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Home arrow Opinion arrow ELK BUFFET

ELK BUFFET

CHOW TIME: During an average December, the Elkhorn Wildlife Area workers toss about 100 tons of hay around the feeding sites. (Observer file photo).
CHOW TIME: During an average December, the Elkhorn Wildlife Area workers toss about 100 tons of hay around the feeding sites. (Observer file photo).

By Jayson Jacoby

For The Observer

Every day Eddie Miguez and his crew prepare gourmet meals, and every day their thankless customers ignore the tasty spread and munch dry grass instead.

Deer and elk, it turns out, are as finicky as a food critic with acid-reflux.

But Miguez refuses to scrap the menu.

He knows that his daily offerings — alfalfa hay for the elk, nutritious pellets for the deer — will stimulate the animals' saliva glands as soon as temperatures plunge and snow piles high.

Miguez manages the Oregon Department of Fish and Wildlife Elkhorn Wildlife Area.

He and his four-member crew oversee a series of 10 sites along the eastern base of the Elkhorn Mountains where every winter ODFW waylays deer and elk with copious quantities of food. The forage satiates the animals' appetites before they gallop into the valley and start gorging themselves on ranchers' haystacks.

But so far this season, Miguez said, relatively few wild critters have taken handouts from humans.

About 110 elk arrived recently at the Anthony Creek feeding site near the Wildlife Area headquarters on River Lane west of North Powder. And a couple of dozen deer, lacking a feeding site anywhere near Deer Creek, have instead created a taxonomically confusing situation by gathering at Elk Creek and Antelope Peak to chomp ODFW-provided pellets.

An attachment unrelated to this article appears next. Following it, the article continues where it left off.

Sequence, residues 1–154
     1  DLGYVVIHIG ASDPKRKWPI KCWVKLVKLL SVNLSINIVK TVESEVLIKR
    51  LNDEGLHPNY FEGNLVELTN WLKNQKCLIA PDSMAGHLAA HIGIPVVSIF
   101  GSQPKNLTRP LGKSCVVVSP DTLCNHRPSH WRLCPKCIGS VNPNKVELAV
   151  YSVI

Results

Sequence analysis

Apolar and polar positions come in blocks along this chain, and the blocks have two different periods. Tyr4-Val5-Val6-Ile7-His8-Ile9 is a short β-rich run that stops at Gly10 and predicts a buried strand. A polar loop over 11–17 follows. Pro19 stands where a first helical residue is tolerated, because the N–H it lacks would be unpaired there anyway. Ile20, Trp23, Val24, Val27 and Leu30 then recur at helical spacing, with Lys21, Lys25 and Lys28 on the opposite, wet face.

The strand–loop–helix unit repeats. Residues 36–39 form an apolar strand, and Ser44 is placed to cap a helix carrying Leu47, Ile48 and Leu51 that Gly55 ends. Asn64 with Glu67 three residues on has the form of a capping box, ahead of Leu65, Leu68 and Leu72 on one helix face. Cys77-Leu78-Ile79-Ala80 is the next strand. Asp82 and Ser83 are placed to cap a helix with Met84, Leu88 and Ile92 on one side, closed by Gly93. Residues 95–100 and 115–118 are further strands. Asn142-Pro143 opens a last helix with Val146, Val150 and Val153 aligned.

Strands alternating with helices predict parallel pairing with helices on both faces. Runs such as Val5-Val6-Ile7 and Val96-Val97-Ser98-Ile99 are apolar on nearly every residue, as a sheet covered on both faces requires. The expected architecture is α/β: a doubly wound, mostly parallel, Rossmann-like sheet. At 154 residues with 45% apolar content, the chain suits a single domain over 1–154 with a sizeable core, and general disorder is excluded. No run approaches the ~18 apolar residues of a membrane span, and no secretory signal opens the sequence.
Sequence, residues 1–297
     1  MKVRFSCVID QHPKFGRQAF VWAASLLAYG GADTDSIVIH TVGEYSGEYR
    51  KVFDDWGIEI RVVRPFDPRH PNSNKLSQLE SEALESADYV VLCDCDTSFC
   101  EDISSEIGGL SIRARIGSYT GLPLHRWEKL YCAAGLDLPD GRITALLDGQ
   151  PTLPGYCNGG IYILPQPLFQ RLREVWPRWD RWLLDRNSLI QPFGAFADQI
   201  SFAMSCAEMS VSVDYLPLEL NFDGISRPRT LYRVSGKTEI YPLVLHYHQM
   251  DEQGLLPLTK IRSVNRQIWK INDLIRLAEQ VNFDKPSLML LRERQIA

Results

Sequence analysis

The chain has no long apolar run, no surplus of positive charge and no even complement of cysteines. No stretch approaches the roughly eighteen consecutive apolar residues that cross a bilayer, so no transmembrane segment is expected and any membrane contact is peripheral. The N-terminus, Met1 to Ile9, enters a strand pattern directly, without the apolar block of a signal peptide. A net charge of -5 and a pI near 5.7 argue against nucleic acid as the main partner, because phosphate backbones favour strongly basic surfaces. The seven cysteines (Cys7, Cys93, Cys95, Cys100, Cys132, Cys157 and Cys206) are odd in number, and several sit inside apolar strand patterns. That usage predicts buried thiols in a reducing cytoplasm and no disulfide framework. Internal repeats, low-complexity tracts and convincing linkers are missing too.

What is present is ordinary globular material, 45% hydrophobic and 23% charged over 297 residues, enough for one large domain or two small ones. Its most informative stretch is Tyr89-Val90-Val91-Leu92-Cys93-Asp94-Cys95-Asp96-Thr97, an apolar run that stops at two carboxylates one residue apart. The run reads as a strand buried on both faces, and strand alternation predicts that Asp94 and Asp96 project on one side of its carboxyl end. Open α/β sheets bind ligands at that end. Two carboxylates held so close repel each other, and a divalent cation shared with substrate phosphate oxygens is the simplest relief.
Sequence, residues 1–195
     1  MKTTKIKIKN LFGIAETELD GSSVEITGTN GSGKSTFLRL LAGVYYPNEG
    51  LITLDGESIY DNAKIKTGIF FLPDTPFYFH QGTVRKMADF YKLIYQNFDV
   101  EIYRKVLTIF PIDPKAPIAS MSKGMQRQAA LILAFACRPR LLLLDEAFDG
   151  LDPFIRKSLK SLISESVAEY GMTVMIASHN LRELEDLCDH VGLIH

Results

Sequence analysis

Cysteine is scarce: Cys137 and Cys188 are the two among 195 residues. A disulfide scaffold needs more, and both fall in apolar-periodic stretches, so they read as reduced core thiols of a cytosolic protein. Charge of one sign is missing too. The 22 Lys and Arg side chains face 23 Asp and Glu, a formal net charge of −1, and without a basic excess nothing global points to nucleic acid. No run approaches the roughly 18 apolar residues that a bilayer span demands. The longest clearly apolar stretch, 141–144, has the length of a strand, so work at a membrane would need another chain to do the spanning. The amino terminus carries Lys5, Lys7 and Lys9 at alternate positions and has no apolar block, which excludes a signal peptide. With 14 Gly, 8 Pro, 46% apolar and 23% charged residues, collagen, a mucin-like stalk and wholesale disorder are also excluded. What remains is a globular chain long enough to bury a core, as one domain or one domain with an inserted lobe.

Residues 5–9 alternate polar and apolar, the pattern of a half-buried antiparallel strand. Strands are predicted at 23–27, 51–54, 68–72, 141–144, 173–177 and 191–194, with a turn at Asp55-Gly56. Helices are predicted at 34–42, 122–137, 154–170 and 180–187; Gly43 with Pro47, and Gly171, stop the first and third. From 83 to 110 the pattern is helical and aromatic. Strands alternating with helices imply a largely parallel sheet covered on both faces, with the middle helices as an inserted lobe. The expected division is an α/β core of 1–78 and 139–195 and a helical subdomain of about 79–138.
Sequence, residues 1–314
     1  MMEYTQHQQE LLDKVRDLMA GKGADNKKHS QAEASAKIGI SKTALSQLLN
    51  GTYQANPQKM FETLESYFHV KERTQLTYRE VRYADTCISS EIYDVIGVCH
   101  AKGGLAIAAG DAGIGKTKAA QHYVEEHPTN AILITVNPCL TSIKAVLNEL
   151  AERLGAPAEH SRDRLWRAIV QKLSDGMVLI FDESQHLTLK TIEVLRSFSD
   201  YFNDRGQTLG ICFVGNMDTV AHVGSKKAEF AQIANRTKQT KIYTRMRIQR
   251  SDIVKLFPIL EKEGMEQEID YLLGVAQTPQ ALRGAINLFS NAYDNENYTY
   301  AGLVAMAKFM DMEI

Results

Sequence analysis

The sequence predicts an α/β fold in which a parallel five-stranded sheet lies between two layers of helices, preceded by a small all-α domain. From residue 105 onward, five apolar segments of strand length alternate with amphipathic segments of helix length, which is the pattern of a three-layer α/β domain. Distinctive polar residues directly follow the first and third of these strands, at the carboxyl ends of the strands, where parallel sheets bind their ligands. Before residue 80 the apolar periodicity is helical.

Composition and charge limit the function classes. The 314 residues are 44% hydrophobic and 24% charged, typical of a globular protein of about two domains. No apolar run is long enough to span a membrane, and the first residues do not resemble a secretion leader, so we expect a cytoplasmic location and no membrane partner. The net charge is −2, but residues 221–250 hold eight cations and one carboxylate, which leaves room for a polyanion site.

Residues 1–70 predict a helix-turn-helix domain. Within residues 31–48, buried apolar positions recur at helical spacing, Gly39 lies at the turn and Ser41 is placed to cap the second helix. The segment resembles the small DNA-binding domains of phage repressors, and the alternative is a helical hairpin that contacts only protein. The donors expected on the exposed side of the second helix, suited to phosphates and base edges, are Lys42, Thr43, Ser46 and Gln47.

The other sites, which by midwinter usually attract more than 1,000 elk and hundreds of deer each day, remain empty.

"It's been really slow so far," Miguez said Tuesday. "Which is not surprising at all given what the weather's been."

What the weather's been is mild.

Balmy temperatures and a shortage of storms have resulted in a dearth of snow at lower elevations, Miguez said. And that means deer and elk are finding plenty of food up in the timbered hills that loom above the feeding sites.

"If they've got any kind of natural forage available, they'd rather eat that," Miguez said. "The animals couldn't ask for an easier winter so far."

His alfalfa-and-pellet balance sheets illustrate the point.

During an average December, the Wildlife Area workers toss about 100 tons of hay around the feeding sites.

But unless blizzards bear down on the area between now and New Year's Day, Miguez doubts his crew will scatter even 25 tons this December.

And the animals that have congregated at feeding sites are eating less than they would if temperatures were below freezing, he said.

"When it's this mild they don't need to eat as much just to heat their bodies," Miguez said.

And with snow so scarce, deer and elk needn't burn precious calories digging through drifts to expose forage.

"They just don't need (ODFW's food) yet," Miguez said. "They're not really dependent on it yet."

This is news to warm the hearts of hunters.

Well-fed deer and elk are much more likely to survive winter's depredations — and thus be roaming the woods when hunting season arrives next fall.

Deer, which are more susceptible than elk are to the hazards of harsh weather, seem to be thriving, in fact.

Officials saw more bucks than usual in the Sumpter Unit during aerial surveys earlier this month, said Todd Callaway, a biologist at the Baker City ODFW office.

Another easy winter — so far

This is the second straight leisurely December for Eastern Oregon's deer and elk herds.